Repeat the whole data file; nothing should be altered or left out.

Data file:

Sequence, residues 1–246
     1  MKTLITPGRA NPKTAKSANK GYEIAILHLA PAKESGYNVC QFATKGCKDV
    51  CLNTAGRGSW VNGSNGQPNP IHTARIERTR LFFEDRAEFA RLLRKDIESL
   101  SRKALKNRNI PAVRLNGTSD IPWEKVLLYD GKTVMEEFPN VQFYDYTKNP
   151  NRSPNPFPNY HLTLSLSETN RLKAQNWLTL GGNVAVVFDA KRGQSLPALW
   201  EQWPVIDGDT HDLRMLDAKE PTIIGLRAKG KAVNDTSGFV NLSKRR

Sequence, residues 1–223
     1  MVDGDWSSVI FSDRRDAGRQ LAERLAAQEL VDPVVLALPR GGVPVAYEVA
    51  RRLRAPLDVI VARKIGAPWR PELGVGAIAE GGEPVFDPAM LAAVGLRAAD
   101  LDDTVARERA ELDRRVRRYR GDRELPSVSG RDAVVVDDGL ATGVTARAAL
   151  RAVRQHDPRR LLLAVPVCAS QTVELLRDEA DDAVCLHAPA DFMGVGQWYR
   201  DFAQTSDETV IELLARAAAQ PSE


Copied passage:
Sequence, residues 1–246
     1  MKTLITPGRA NPKTAKSANK GYEIAILHLA PAKESGYNVC QFATKGCKDV
    51  CLNTAGRGSW VNGSNGQPNP IHTARIERTR LFFEDRAEFA RLLRKDIESL
   101  SRKALKNRNI PAVRLNGTSD IPWEKVLLYD GKTVMEEFPN VQFYDYTKNP
   151  NRSPNPFPNY HLTLSLSETN RLKAQNWLTL GGNVAVVFDA KRGQSLPALW
   201  EQWPVIDGDT HDLRMLDAKE PTIIGLRAKG KAVNDTSGFV NLSKRR

Sequence, residues 1–223
     1  MVDGDWSSVI FSDRRDAGRQ LAERLAAQEL VDPVVLALPR GGVPVAYEVA
    51  RRLRAPLDVI VARKIGAPWR PELGVGAIAE GGEPVFDPAM LAAVGLRAAD
   101  LDDTVARERA ELDRRVRRYR GDRELPSVSG RDAVVVDDGL ATGVTARAAL
   151  RAVRQHDPRR LLLAVPVCAS QTVELLRDEA DDAVCLHAPA DFMGVGQWYR
   201  DFAQTSDETV IELLARAAAQ PSE